|Publication number||US5184325 A|
|Application number||US 07/577,991|
|Publication date||Feb 2, 1993|
|Filing date||Sep 5, 1990|
|Priority date||Mar 10, 1989|
|Also published as||US4989180, US5694406|
|Publication number||07577991, 577991, US 5184325 A, US 5184325A, US-A-5184325, US5184325 A, US5184325A|
|Inventors||G. Jack Lipovski|
|Original Assignee||Board Of Regents, The University Of Texas System|
|Export Citation||BiBTeX, EndNote, RefMan|
|Patent Citations (18), Non-Patent Citations (32), Referenced by (59), Classifications (27), Legal Events (4)|
|External Links: USPTO, USPTO Assignment, Espacenet|
This is a continuation-in-part of application Ser. No. 07/321,847 filed Mar. 10, 1989, now U.S. Pat. No. 4,989,180.
The invention relates to refreshable dynamic associative memory storage devices.
Referring to FIG. 1, a schematic of a typical construction of a dynamic random access memory (DRAM) is shown. During the write mode, data to be written into the DRAM is applied to the input and amplified by write amplifier WR. Switches S2 and S3 are open, switches S1 and S4 are closed, and capacitor C is either charged or discharged according to the status of the input data, and amplified by write amplifier WR. During the read mode, switches S1, S3 and S4 are open, and switch S2 is closed so that the voltage on capacitor C is compared to a reference voltage Vref by read amplifier RE. According to the difference determined by read amplifier RE, either a binary "one" or "zero" is transmitted to the output of the DRAM. When in the data-hold mode, all the switches S1, S2, S3 and S4 remain open so that the stored charged remains in capacitor C. However, due to the unavoidable presence of leakage resistance R, the capacitor charge will gradually dissipate. To compensate for this, a process called refreshing must be periodically used in the DRAM. To achieve refreshing, all three switches S1, S2 and S3 are closed, switch S4 is open, and the binary state detected by read amplifier RE is amplified by write amplifier WR and reapplied to storage capacitor C. Switches S3 and S4 thus form a multiplexer which selects either input data or refresh data for application to write amplifier WR. The dashed line in FIG. 1 represents the boundary of an integrated circuit chip. Elements within the dashed line are typically integrated on a single chip.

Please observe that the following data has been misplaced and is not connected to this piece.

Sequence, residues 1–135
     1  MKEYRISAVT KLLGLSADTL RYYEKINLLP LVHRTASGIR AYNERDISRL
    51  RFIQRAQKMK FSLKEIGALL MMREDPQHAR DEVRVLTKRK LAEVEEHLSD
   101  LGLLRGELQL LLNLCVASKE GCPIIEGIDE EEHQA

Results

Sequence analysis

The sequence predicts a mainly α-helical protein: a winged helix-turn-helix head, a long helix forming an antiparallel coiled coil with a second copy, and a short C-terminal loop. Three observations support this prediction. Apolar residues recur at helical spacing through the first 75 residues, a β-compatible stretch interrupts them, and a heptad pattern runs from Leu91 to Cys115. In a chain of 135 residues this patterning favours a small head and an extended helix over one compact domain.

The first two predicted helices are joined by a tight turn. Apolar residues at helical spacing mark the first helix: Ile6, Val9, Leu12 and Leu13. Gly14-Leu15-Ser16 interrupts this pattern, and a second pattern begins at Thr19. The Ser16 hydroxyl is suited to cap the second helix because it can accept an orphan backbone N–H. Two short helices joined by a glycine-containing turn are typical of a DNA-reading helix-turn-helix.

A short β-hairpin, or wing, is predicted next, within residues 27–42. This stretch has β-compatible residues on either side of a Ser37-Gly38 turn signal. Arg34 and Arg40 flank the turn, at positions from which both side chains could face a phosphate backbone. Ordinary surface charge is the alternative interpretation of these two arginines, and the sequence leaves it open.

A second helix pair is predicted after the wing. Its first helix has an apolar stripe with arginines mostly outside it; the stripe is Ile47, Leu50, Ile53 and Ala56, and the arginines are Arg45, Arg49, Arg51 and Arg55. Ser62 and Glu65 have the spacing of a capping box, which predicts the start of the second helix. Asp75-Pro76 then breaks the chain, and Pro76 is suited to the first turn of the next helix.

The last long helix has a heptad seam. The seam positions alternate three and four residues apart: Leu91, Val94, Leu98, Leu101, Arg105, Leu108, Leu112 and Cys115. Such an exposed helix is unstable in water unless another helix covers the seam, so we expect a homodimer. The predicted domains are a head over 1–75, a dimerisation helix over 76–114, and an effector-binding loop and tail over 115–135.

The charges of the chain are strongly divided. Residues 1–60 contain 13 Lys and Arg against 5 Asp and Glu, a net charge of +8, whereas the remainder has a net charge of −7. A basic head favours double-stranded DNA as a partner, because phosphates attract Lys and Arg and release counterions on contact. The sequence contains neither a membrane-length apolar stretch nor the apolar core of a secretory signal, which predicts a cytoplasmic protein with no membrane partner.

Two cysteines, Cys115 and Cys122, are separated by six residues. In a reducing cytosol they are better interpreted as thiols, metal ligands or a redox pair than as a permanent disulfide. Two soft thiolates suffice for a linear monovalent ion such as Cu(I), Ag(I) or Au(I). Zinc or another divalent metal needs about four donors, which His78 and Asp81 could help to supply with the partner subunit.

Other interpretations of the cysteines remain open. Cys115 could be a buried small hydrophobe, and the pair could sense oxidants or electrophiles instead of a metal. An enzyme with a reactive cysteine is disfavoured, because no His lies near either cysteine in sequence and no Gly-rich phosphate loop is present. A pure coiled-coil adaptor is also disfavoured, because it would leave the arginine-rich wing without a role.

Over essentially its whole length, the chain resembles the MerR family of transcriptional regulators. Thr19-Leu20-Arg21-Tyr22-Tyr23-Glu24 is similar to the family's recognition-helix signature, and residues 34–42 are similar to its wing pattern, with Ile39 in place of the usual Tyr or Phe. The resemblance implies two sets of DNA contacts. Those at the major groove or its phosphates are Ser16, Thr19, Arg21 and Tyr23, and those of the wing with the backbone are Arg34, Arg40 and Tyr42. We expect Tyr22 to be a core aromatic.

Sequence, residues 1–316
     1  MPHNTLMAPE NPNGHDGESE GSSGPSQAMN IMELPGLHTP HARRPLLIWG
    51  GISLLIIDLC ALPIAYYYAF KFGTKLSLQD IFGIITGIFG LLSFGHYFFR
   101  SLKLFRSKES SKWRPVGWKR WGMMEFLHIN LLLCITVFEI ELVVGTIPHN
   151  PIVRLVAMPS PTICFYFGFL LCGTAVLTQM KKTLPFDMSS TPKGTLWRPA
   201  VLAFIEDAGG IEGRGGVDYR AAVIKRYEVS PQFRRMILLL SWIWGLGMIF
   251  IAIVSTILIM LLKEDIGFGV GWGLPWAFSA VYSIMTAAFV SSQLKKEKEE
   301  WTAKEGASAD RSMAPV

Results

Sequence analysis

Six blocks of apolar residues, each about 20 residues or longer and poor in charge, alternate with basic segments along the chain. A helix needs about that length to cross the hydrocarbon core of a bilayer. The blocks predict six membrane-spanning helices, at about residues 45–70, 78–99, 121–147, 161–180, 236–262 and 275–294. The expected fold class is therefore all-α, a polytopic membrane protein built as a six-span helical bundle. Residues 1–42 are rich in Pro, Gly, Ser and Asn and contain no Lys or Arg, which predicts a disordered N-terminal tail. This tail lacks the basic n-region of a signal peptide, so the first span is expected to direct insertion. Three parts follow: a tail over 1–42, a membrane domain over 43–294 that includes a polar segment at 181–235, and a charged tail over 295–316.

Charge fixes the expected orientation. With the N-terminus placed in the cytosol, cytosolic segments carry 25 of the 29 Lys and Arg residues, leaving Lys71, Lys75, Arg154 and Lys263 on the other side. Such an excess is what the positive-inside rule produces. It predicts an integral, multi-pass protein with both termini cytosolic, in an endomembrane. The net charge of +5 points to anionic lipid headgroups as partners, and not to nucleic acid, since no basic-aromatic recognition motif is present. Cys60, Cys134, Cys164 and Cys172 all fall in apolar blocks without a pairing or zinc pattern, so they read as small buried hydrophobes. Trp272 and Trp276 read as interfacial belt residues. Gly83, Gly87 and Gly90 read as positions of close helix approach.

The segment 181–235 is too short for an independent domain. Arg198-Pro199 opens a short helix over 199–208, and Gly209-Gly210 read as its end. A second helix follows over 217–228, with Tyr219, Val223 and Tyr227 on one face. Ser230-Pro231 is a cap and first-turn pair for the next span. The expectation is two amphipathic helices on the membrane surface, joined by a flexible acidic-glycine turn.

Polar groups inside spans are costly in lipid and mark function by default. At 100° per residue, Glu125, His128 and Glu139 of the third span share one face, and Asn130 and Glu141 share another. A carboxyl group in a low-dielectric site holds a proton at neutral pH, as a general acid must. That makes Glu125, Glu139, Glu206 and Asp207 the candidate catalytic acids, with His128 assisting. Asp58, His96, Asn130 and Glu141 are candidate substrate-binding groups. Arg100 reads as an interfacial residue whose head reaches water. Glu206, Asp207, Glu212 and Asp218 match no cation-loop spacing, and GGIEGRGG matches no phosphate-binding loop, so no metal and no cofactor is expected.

In practice, a DRAM includes a great number of storage capacitors C arranged in matrix or array form along with row decoder and column decoder circuitry. The storage elements of the array must be periodically refreshed, and are typically refreshed on a row-by-row basis. The row decoder and column decoder circuitry, as well as the read amplifiers and write amplifiers, are typically integrated within the same semiconductor chip with the individual storage elements of the array. FIG. 2 is a block diagram of a type HM 511000 dynamic RAM available from Hitachi America, Ltd., which includes eight 128 k memory cell arrays 10 connected through read/write amplifiers 11 to I/O bus 12. Individual rows and columns of the cell arrays 10 are selected by row decoder 13 and column decoder 14, under control of address data contained on address bus 15 via row address buffer 16 and column address buffer 17, and under control of row access strobe signal RAS, and column access strobe signal, CAS. Reading and writing is controlled by read/write input, WE, and serial input and output data is buffered in I/O buffer 18. Once again, elements within the dashed line in FIG. 2 are integrated together on a single chip.